Maia Kobabe's family looking up at the stars, from Gender Queer.

Author Behind the Most Banned Book in the U.S. Once Thought ‘Who is Even Gonna Read This?’

If there was one thing I wasn’t expecting at Flame Con 2023, it was comic artist and writer Maia Kobabe’s saying that e feared eir graphic memoir Gender Queer would be “boring.”

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“When I sold the book deal, part of me was like, ‘Who wants to read the memoir of a 28-year-old who has done nothing?'” e said.

Kobabe (who uses e/em/eir pronouns) was on a Q&A panel hosted by Flame Con’s panels lead, Sara Munson, where e talked about eir years growing up in a liberal Northern California family, falling back in love with fandom through K-Pop, and how a potential follow up book would “almost entirely” talk about asexuality and aromanticism (don’t hold your breath on that one, Kobabe explained: The cartoonist has a 10-year-gap rule). And yes, Kobabe even opened up about the widespread censorship of Gender Queer and how utterly unexpected it was. (“Who could have predicted this?”)

But boring? It’s hard to believe a graphic memoir about coming out as non-binary, and finding belonging as a trans adult, could ever be considered boring.

‘I have been baffled and surprised’

The cover to 'Gender Queer' by Maia Kobabe.
Image via Maia Kobabe

As Kobabe explained during the panel, the comic creator had modest expectations for Gender Queer, clearly surprised and humbled by the memoir’s praise across the LGBTQ community. “I, when working on the book, had moments where I was like, ‘who is the audience for this?’ Like, ‘who is even gonna read this?'” e told the audience. “Because it felt so specific to my own experience, I was very unsure if anyone other than my family and my IRL friends—my community—would read it.”

Only by actually putting eir life to the page, and examining the struggles e experienced as someone who is trans nonbinary, did Kobabe finally realize that eir life story was a fundamentally important one to tell.

“So much of the struggles of my life have all been deeply internal,” Kobabe said. “I’ve had very little external conflict in my life. I’m a middle-class white person from the liberal Bay Area, I’ve had so much privilege and safety in my life, and space to find myself at this very slow pace. And honestly I worried the book might be boring because of that. Because the lack of external conflict, and there’s so much writing advice saying like, ‘your characters have to face all of these conflicts and things.'”

Of course, internal conflict is still very real conflict. Only by putting eir lived experiences to words did Kobabe finally realize “how to explain the things that I had deeply been struggling with my entire life.”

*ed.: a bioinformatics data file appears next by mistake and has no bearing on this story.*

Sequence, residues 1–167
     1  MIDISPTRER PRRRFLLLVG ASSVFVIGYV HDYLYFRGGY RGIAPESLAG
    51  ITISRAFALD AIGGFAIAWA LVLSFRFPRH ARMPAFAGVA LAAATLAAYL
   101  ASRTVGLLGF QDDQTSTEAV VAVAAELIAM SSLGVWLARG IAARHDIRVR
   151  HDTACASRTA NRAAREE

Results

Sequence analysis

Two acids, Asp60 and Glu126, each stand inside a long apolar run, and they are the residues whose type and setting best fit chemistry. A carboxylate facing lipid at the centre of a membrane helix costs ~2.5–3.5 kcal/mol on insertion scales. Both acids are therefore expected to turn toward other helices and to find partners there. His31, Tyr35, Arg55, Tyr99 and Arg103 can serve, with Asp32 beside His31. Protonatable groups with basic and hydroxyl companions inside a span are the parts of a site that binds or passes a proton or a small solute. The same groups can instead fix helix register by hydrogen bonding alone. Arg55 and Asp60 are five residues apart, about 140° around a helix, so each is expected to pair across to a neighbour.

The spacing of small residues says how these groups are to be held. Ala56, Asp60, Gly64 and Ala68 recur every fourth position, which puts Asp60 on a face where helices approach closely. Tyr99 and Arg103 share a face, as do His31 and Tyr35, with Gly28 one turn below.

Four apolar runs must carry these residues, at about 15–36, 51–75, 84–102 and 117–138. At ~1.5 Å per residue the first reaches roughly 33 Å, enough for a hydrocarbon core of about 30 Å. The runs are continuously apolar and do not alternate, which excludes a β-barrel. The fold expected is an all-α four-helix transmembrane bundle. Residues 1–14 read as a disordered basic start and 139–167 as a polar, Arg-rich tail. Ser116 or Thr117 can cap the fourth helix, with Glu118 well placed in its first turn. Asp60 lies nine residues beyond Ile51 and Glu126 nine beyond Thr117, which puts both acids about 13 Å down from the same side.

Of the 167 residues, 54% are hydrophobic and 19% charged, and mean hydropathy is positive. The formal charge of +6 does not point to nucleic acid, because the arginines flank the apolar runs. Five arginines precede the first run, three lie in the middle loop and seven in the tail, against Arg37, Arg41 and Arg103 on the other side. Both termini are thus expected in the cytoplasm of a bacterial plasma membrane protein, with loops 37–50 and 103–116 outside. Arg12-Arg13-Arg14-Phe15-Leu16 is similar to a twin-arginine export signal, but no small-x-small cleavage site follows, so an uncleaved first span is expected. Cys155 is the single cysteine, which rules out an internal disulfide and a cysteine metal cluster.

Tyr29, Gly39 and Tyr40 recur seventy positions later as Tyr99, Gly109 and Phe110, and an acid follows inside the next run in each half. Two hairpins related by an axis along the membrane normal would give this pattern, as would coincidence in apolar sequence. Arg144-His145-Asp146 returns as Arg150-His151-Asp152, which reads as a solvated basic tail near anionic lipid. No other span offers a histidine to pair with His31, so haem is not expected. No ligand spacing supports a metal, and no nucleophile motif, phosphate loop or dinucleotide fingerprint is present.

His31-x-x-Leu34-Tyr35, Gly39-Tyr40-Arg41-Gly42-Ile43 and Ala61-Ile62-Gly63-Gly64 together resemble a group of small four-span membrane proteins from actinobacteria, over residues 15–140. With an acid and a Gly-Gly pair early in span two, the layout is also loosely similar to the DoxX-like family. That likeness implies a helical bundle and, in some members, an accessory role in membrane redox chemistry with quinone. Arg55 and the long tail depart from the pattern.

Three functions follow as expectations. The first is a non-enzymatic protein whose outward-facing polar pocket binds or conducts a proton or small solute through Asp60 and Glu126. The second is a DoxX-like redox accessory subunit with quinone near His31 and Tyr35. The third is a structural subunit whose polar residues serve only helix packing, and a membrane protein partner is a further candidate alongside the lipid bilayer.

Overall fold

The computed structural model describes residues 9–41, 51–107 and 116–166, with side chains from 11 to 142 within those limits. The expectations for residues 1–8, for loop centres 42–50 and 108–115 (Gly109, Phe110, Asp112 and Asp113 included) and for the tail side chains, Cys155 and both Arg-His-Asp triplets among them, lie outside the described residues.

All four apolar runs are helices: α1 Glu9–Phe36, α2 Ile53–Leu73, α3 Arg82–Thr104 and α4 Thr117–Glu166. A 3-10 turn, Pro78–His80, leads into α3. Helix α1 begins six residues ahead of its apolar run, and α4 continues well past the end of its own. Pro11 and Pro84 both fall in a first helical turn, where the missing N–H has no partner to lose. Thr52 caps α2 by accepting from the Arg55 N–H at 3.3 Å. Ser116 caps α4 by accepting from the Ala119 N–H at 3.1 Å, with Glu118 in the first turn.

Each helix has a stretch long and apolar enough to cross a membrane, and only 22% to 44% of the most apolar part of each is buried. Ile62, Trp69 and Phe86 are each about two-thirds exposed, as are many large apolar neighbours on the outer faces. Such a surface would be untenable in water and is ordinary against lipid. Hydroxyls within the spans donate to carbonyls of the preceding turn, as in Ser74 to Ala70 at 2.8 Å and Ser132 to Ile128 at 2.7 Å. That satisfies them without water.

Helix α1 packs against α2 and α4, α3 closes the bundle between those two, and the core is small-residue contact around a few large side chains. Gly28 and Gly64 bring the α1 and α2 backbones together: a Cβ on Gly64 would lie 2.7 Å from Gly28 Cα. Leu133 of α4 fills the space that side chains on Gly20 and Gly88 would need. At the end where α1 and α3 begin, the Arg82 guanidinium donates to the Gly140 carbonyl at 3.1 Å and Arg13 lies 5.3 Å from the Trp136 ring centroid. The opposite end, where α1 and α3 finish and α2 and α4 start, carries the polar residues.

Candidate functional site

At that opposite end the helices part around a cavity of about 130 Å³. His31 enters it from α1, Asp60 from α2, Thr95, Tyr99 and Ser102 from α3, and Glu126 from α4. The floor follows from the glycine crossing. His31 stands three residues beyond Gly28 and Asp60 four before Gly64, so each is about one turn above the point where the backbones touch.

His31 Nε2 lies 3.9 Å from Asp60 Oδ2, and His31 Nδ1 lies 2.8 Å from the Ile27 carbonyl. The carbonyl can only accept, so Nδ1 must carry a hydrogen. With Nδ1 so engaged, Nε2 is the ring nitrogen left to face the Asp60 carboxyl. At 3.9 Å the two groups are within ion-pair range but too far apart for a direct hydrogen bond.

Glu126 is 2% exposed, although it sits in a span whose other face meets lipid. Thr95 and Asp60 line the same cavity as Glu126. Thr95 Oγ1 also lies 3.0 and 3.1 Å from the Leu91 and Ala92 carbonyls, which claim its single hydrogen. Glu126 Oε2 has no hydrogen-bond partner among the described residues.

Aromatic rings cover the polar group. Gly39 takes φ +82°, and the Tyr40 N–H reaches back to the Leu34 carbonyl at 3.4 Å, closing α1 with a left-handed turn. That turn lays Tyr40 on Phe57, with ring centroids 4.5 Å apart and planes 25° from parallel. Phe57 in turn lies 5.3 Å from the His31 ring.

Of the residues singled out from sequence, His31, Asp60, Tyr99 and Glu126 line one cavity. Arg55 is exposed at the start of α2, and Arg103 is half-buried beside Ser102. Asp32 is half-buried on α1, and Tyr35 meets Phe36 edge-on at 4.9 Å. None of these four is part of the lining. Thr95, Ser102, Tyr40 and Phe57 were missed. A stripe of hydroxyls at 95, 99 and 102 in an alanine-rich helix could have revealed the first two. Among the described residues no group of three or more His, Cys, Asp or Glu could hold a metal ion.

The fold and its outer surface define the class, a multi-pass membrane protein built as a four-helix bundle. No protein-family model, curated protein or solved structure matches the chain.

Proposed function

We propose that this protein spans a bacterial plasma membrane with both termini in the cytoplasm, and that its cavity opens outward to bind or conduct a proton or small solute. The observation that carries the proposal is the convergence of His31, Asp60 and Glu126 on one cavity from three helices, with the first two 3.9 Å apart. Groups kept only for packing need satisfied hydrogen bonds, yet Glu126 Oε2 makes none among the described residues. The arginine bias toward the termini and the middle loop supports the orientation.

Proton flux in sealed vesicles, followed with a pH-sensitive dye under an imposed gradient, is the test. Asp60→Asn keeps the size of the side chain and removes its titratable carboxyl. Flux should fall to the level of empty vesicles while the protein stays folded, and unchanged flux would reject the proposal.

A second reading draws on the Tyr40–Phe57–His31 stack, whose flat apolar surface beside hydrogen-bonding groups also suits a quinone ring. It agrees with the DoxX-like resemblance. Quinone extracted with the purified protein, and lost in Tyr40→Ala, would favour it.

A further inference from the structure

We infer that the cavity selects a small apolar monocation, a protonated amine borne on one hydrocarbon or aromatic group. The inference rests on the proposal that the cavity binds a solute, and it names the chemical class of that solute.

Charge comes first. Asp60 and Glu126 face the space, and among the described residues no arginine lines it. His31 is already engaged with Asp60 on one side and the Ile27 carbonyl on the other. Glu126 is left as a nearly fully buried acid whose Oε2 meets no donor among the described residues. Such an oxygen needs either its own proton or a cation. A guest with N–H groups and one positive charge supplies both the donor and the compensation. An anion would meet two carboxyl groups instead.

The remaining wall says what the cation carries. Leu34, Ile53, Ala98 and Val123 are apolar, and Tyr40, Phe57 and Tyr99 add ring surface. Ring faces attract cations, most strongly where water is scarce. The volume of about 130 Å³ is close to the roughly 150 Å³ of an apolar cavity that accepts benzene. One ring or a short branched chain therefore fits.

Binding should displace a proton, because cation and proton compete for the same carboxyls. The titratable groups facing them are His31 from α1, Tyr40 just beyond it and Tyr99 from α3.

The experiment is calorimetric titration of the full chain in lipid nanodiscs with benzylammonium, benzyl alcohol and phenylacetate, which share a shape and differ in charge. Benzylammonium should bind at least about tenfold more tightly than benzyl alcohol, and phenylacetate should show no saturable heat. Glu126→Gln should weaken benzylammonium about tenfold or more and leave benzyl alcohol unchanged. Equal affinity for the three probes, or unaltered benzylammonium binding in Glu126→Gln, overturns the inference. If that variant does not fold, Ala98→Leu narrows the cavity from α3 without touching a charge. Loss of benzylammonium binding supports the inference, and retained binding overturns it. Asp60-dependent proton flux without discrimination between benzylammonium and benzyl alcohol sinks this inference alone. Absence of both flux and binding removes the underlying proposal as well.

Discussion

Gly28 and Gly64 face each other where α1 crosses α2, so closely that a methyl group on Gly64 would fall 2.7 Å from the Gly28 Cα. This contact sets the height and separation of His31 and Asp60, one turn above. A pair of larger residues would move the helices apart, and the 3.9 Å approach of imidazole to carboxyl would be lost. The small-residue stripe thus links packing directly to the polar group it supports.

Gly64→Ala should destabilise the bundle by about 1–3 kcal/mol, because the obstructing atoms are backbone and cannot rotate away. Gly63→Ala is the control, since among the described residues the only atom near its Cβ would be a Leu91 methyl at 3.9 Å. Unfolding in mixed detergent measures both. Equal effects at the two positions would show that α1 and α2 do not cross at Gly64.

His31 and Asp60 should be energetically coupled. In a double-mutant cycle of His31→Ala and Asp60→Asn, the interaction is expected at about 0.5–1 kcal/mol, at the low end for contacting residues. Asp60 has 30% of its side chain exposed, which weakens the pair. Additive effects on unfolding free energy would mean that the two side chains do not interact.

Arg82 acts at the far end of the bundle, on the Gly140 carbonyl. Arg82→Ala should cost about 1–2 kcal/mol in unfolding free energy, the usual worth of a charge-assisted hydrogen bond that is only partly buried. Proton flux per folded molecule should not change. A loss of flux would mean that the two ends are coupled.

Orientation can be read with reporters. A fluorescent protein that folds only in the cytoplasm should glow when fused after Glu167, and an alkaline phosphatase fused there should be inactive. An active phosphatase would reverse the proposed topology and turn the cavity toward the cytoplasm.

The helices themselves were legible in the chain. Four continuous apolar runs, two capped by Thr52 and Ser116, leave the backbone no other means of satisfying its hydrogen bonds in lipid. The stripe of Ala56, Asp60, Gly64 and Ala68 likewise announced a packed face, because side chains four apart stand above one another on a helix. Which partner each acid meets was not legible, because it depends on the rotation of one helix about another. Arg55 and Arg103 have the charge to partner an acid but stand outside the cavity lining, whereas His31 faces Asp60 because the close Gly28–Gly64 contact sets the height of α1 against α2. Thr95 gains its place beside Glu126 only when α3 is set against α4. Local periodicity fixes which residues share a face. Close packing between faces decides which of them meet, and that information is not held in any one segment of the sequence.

“And I think I too only saw it as a narrative once I had written it,” e said.

Kobabe, to be clear, didn’t necessarily need the wider world to read or enjoy Gender Queer to consider the book a success. Certainly, e was hopeful that others would come across eir memoir, read it, and “maybe find it useful and meaningful” to “open those conversations” on trans and non-binary life experiences “in their own families.”

“But I didn’t know,” e said. “And I would say the entire time I have been baffled and surprised, usually pleasantly, by its popularity and its reception and how far it has gone outside of places where I have ever been.”

Gender Queer: A Memoir was the most banned book across the 2021 to 2022 school year, and it tied for the most banned book at the start of the 2022 school year, according to PEN America. Kobabe’s memoir was also the most challenged book in schools and libraries, with 151 documented censorship attempts across the country, according to the American Library Association.

It’s impossible to call Kobabe’s work boring. In an era where trans rights are under attack, speaking openly and honestly about trans lived experiences is as transgressive as you can get.

(Feature image: Maia Kobabe)


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Author
Ana Valens
Ana Valens (she/her) is a reporter specializing in queer internet culture, online censorship, and sex workers' rights. Her book "Tumblr Porn" details the rise and fall of Tumblr's LGBTQ-friendly 18+ world, and has been hailed by Autostraddle as "a special little love letter" to queer Tumblr's early history. She lives in Brooklyn, NY, with her ever-growing tarot collection.